them alone, you guard them against vandals---whose hordes may include
yourself.

	Seasons are metaphors for available continents, and winter is always
somewhat antarctic, even here. The city doesn't rely on coal as much as
it used to; now it's gas. The magnificent, trumpetlike chimneys
resembling medieval turrets in the backdrop of every Madonna and
Crucifixion idle and gradually crumble away from the local skyline. As a
result you shiver and go to bed with your woolen socks on, because
radiators keep their erratic cycles here even in hotels. Only alcohol
can absorb the polar lightning shooting through your body as you set
your foot on the marble floor, slippers or no slippers, shoes or no
shoes. If you work in the evening you burn parthenons of candles---not
for ambience or better light, but for their illusory warmth; or else you
move to the kitchen, light the gas stove, and shut the door. Everything
emanates cold, the walls especially. Windows you don't mind because you
know what to expect from them. In fact, they only pass the cold through,
whereas walls store it. I remember once spending the month of January in
an apartment on the fifth floor of a house near the church of Fava. The
place belonged to a descendant of none other than Ugo Foscolo. The owner
was a forest engineer or some such thing, and was, naturally, away on
business. The apartment wasn't that big: two rooms, sparsely furnished.
The ceiling, though, was extraordinarily high and the windows were
correspondingly tall. There were six or seven of them, as the apartment
was a corner one. In the middle of the second week the heating went off.
This time I was not alone, and my comrade-in-arms and I drew lots as to
who would have to sleep by the wall. "Why should I always go to the
wall?" she'd ask beforehand. "Because I'm a victim?" And her
mustard-and-honey eyes would darken with incredulity upon losing. She
would bundle up for the night---pink woolen jersey, scarf, stockings,
long socks---and, having counted [uno, due, tre!] jump into the bed as
though it were a dark river. To her, an Italian, a Roman, with a dash of
Greek blood in her veins, it probably was. "The only thing I disagree
with in Dante," she used to remark, "is the way he describes Hell. To
me, Hell is cold, very cold. I'd keep the circles but make them of ice,
with the temperature dropping with every spiral. Hell is the Arctic."
She meant it, too. With the scarf around her neck and head she looked
like Francesco Querini on that statue in the Giardini, or like the
famous bust of Petrarch (who, in turn, to me is the very image of
Montale---or, rather, vice versa). There was no telephone in that place;
a jumble of tuba-like chimneys loomed in the dark sky. The whole thing
felt like the Flight to Egypt, with her playing both the woman and the
child, and me my namesake and the donkey; after all, it was January.
"Between Herod of the past and Pharaoh of the future," I kept telling
myself. "Between Herod and Pharaoh, that's where we are." In the end I
fell ill. Cold and dampness got me---or rather my chest muscles and
nerves, messed up by surgeries. The cardiac cripple in me panicked and
she somehow shoved me onto the train for Paris, as we both were unsure
of the local hospitals, much though I adore the façade of
Giovanni e Paolo. The carriage was warm, my head was splitting from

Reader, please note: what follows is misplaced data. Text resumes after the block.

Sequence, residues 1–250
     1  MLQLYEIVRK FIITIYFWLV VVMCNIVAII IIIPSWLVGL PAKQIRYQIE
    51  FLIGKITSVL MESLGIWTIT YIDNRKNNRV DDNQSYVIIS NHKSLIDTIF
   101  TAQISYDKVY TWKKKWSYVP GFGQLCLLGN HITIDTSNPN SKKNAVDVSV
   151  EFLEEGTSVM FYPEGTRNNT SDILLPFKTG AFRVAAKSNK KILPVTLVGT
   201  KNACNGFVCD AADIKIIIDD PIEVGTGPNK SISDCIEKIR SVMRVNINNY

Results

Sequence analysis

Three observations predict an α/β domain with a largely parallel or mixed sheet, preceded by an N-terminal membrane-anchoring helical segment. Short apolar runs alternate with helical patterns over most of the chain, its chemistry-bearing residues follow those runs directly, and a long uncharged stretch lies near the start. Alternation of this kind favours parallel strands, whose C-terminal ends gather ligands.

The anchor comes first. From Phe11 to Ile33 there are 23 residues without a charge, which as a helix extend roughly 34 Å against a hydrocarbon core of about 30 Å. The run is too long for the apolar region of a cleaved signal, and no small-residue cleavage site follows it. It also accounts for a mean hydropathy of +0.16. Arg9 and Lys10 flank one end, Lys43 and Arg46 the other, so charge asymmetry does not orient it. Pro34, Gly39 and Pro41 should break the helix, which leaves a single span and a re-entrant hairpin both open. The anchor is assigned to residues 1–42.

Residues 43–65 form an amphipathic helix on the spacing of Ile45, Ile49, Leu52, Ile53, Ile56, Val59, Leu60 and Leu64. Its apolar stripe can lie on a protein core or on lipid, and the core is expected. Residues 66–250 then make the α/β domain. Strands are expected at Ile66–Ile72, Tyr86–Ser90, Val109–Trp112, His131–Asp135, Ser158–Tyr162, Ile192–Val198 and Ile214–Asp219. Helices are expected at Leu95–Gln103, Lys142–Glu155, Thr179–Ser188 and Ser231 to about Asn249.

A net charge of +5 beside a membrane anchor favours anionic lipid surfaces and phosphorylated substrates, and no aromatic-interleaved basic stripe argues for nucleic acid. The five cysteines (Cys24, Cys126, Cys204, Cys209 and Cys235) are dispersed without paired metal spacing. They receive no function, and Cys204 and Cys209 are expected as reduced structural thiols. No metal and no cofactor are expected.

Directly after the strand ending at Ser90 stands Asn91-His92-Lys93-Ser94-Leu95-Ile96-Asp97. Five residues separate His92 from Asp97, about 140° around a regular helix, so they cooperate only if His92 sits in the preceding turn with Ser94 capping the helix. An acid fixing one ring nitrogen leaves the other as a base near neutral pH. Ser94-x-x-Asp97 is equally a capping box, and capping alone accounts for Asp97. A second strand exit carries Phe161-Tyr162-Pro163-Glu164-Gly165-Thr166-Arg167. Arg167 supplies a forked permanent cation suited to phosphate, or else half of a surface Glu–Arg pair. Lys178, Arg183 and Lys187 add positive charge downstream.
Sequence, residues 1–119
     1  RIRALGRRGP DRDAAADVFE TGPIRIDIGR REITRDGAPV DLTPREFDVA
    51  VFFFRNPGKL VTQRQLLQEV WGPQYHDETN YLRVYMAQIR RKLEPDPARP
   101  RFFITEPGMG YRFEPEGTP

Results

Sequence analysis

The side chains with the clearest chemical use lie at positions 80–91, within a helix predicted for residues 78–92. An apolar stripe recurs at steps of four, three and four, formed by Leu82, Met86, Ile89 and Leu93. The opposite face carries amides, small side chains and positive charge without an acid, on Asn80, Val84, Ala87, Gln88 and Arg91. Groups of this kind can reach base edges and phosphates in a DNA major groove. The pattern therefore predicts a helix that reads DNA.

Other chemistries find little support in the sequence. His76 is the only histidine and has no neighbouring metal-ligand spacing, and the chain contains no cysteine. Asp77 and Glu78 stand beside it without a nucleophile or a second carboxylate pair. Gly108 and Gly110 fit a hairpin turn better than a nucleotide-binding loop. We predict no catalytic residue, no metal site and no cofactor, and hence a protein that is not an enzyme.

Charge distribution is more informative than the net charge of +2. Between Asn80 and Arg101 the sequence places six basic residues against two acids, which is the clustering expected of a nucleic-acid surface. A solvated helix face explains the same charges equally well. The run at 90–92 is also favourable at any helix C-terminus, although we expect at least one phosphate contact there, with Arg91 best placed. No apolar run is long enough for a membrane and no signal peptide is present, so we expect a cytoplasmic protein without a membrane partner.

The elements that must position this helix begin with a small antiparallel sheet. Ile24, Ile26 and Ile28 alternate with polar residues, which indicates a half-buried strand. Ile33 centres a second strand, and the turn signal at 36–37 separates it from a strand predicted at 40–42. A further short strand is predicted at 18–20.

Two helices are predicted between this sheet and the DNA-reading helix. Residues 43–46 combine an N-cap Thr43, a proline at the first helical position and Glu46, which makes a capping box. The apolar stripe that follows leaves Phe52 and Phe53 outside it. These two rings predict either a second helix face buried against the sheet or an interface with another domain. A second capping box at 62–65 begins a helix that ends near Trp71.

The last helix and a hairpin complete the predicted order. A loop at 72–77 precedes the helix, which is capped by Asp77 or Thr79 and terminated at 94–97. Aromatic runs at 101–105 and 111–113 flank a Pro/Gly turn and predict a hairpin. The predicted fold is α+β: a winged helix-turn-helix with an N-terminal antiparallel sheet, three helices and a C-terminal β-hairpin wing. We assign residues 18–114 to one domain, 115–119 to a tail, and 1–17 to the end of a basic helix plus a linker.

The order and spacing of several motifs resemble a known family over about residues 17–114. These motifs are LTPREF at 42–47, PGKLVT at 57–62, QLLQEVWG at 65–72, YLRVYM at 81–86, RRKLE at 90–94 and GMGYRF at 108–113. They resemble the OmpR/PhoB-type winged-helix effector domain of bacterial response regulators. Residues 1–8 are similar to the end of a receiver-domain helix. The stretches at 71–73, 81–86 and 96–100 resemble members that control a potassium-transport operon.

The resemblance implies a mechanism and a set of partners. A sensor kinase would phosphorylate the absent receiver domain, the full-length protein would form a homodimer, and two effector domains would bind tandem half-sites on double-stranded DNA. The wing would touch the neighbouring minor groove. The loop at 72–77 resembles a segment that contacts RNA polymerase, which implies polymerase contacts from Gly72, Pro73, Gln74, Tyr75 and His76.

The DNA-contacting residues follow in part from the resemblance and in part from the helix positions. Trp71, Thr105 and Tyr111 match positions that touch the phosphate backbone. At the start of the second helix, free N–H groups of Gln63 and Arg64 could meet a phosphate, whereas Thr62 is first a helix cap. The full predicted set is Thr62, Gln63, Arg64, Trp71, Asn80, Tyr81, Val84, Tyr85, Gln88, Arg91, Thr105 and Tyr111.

nitro pills, a bunch of [bersaglieri] in the compartment were
celebrating their home leave with Chianti and a ghetto blaster. I wasn't
sure whether I would make it to Paris; but what was interfering with my
fear was the clear sense that, should I manage, in no time at
all---well, in a year---I'd be back to the cold place between Herod and
Pharaoh. Even then, huddling on the wooden bench of my compartment, I
was fully aware of this feeling's absurdity; yet as long as it could
help me to see through my fear, absurdity was welcome. The trundling of
the carriage and the effect of its constant vibration on one's frame
did, I suppose, the rest, rearranging or messing up my muscles, etc.,
even further. Or maybe it was just that the heating in the carriage
worked. At any rate, I made Paris, had a passable EKG, and boarded my
plane for the States. In other words, lived to tell the story, and the
story itself to repeat.

	"Italy," Anna Akhmatova used to say, "is a dream that keeps
returning for the rest of your life." It must be noted, though, that the
arrival of dreams is irregular and their interpretation is
yawn-inspiring. Furthermore, should dreams ever be designated a genre,
their main stylistic device would doubtless be the non sequitur. That at
least could be a justification for what has transpired thus far in these
pages. Also, that could explain my attempts over all these years to
secure that dream's recurrence, manhandling my superego in the process
no less savagely than my unconscious. To put it bluntly, I kept
returning myself to the dream, rather than the other way around. Sure
enough, somewhere along the line I had to pay for this sort of violence,
either by eroding what constituted my reality or by forcing the dream to
acquire mortal features, the way the soul does in the course of one's
lifetime. I guess I paid in both ways; and I didn't mind it either,
especially the latter, which would take the form of a [Cartavenezia]
(exp. date, Jan. 1988) in my wallet, anger in those eyes of a particular
variety (trained, and as of the same date, on better sights), or
something equally finite. The reality suffered more, and often I would
be crossing the Atlantic on my way home with a distinct feeling of
traveling from history into anthropology. For all the time, blood, ink,
money, and the rest that I shed or shelled out here, I never could
convincingly claim, even to myself, that I'd acquired any local traits,
that I'd become, in however minuscule a manner, a Venetian. A vague
smile of recognition on the face of a hotelier or a trattoria proprietor